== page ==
HANOVER—The overnight snowstorm walloped cities and towns south of Boston, many of which reported upwards of a foot of snowfall. Officials reported a flurry of fender-benders, and one serious accident in Hanover that sent a snowplow driver to the hospital, but for the most part the snow was too light and fluffy to cause much damage.
Hanover recorded the largest snowfall total in Massachusetts with 18 inches of snow. This afternoon, snowdrifts piled up on sidewalks but the roads were generally clear, with traffic moving at a normal, pre-rush hour clip.
Michelle Locke, 49, was shoveling part of her large driveway on Main Street near the Hanover town center as two of her seven horses looked on from their barn and occasionally dropped their heads to munch on snow.
Locke said the storm forced her to attend to some additional needs for the horses, including regularly defrosting their water buckets in the barn.
“The water is a constant source of frustration when it’s this cold,” Locke said.
In addition, the regular hay feedings, which occur every six hours, became difficult as the snow piled up. Locke said the person who plows her driveway had not yet arrived when she left her house for the 6 a.m. feeding.
“It was not pretty,” Locke said. “I was at least up to my knees. ... I can see why people move south, but are you going to do? I’m not going to be a wimp.”
Besides, she said, the winter storms are “a small price to pay to have this nice farm in a beautiful town and enjoy this kind of life.”
At around 8 a.m. this morning, a pickup truck with a snowplow crashed into a tree near 800 Main Street in Hanover, said Fire Chief Jeffrey Blanchard. By the time responders arrived on scene, a witness said the driver had already been taken to the hospital by a passerby.
As in much of the South Shore, schools were closed in Hanover.
In Scituate, which often sees major flooding during storms, the storm had little impact.
“It was wonderful in Scituate, we just had a plain, ordinary snowstorm,” said Fire Chief Richard Judge. “We didn’t get flooding, we didn’t get anything else.”
Fifteen inches of snow fell, he said, but it just did not stick – so power lines were spared falling tree branches, and there were no outages. Even the tides cooperated.
“The ocean was a very low astronomical tide last night,” said Judge. “The last five storms, it’s turned into ocean events, and that really taxes all the departments, to open up shelters, and the cleanup of the roads after the tide recedes.”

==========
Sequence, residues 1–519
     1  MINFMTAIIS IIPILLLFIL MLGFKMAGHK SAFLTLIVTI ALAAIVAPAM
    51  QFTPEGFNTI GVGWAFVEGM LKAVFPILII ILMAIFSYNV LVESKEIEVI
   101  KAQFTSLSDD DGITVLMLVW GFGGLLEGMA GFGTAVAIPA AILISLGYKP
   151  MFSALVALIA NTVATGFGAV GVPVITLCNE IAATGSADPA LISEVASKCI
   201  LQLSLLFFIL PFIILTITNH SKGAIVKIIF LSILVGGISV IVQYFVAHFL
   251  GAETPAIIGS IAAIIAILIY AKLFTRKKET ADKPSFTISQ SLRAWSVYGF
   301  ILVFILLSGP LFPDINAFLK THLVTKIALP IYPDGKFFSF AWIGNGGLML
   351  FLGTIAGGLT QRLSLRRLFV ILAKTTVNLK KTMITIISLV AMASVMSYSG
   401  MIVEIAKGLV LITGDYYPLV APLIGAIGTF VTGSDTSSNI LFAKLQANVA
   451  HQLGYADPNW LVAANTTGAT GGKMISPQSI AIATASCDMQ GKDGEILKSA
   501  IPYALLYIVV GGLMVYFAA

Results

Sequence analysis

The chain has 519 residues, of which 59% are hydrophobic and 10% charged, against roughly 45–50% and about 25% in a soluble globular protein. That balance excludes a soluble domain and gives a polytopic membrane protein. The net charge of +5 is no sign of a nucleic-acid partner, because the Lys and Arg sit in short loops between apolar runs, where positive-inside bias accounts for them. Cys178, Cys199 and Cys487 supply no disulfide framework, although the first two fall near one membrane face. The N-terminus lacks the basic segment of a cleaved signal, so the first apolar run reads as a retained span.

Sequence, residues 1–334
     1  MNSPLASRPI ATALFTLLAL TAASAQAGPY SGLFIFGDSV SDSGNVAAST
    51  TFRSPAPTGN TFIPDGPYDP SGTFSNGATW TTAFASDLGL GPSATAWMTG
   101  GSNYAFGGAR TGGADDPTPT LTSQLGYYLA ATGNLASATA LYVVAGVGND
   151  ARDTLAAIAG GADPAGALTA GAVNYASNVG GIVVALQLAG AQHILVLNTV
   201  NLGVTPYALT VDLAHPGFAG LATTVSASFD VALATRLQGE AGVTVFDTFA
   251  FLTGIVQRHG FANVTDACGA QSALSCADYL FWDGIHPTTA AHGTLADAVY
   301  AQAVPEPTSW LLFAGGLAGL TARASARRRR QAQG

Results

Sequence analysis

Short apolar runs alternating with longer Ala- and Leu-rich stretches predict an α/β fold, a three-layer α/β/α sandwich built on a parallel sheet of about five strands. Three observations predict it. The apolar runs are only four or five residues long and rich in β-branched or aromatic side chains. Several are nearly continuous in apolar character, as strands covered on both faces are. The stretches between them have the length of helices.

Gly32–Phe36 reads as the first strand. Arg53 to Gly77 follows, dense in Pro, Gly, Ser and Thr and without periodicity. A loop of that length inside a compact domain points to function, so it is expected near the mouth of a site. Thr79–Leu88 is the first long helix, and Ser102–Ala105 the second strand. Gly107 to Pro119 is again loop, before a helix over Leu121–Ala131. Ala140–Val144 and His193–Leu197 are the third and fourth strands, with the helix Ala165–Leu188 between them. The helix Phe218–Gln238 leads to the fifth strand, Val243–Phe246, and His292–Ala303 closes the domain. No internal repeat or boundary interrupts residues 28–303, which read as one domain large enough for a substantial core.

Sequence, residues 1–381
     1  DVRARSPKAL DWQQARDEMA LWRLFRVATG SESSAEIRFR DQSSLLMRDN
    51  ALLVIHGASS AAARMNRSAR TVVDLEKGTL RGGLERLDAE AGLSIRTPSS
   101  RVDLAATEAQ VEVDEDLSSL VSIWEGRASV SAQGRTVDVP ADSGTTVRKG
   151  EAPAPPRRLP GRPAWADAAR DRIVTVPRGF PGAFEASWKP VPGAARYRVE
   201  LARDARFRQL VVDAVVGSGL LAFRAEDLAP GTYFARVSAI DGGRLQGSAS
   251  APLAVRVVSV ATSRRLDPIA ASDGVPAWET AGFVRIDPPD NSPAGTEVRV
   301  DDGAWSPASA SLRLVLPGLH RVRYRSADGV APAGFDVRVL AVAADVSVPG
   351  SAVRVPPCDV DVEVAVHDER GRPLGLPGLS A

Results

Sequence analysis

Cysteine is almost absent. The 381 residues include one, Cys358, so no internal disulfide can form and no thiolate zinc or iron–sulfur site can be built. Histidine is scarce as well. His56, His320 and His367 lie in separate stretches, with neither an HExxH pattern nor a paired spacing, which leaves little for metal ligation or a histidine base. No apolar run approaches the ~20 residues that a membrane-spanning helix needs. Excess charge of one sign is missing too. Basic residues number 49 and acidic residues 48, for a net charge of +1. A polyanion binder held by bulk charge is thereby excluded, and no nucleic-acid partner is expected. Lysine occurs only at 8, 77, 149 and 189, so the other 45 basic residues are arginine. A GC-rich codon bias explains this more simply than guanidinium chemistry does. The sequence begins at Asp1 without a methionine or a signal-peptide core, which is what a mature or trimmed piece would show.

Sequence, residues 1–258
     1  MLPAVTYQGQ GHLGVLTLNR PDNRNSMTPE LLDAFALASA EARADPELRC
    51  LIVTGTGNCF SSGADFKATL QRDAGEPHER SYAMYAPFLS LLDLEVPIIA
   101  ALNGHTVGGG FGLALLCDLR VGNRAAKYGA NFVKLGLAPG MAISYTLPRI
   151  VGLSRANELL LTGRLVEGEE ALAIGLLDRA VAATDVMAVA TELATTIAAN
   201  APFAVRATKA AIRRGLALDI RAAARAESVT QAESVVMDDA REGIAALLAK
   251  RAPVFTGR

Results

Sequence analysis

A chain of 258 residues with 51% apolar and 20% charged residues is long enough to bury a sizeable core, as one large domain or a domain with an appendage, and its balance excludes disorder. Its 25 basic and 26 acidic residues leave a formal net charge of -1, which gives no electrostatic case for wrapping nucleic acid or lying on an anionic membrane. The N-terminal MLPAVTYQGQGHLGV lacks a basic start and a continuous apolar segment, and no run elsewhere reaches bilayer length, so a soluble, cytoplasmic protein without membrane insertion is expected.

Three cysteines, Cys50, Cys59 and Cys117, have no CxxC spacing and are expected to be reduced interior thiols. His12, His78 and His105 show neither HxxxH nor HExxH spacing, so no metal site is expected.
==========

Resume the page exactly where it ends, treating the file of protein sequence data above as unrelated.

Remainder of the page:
Brockton Mayor Bill Carpenter declared a snow emergency until 6 p.m. Wednesday, and schools and city hall were closed. People mostly stayed inside during the worst of the storm, said Fire Captain Jeffrey Gillpatrick – other than rush-hour fender benders, he said, it was a quiet night.
“They had medical calls,” he said, “but that’s a normal night anyway.”
Early Wednesday morning, Gillpatrick said the streets were passable but still slippery, in part because salt loses its effectiveness at very low temperatures. At 8:30 a.m., he said it was just 7 degrees.
Officials all over urged drivers to stay off the roads .
“Let the [Department of Public Works] do their jobs,” said Gillpatrick. “The schools are closed, city hall is closed. It’s a common sense thing, I would say.”
In Hanover, at the The Towne Pump on Hanover Street, Rick Mascrenhas was pumping gas for two customers and said he weathered the storm fairly well.
“It was powdery, all dry snow,” he said. “It was pretty easy to clean.”
Mascrenhas said he and a snow plower cleared out the area in front of the station without a problem. And while business was manageable this afternoon, the station was packed with customers yesterday who wanted to fill up before the blizzard.
“Oh, non-stop,” he said. “People prepare themselves.”
Heather Courtney, 20, stood in front of Town Hall this afternoon with her earbuds plugged in. She was waiting for her mother to pick her up after finding that the public library next door was closed.
She said she went to library just to “hang out,” but found it shuttered. Town Hall was also closed.
But Courtney took the setback in stride and said that for the most part, the storm had not rattled her.
“It’s just really cold,” said Courtney. “I just hope the power doesn’t shut off.”
At a local Dunkin’ Donuts on Route 53, two plowers, Ed Crowe, 59, and Harold James, 68, were relaxing over coffee after spending hours on the road clearing snow.
Crowe, who plows for the town of Norwell, said his itinerary included the parking lots of a middle school there and the Town Hall.Continued...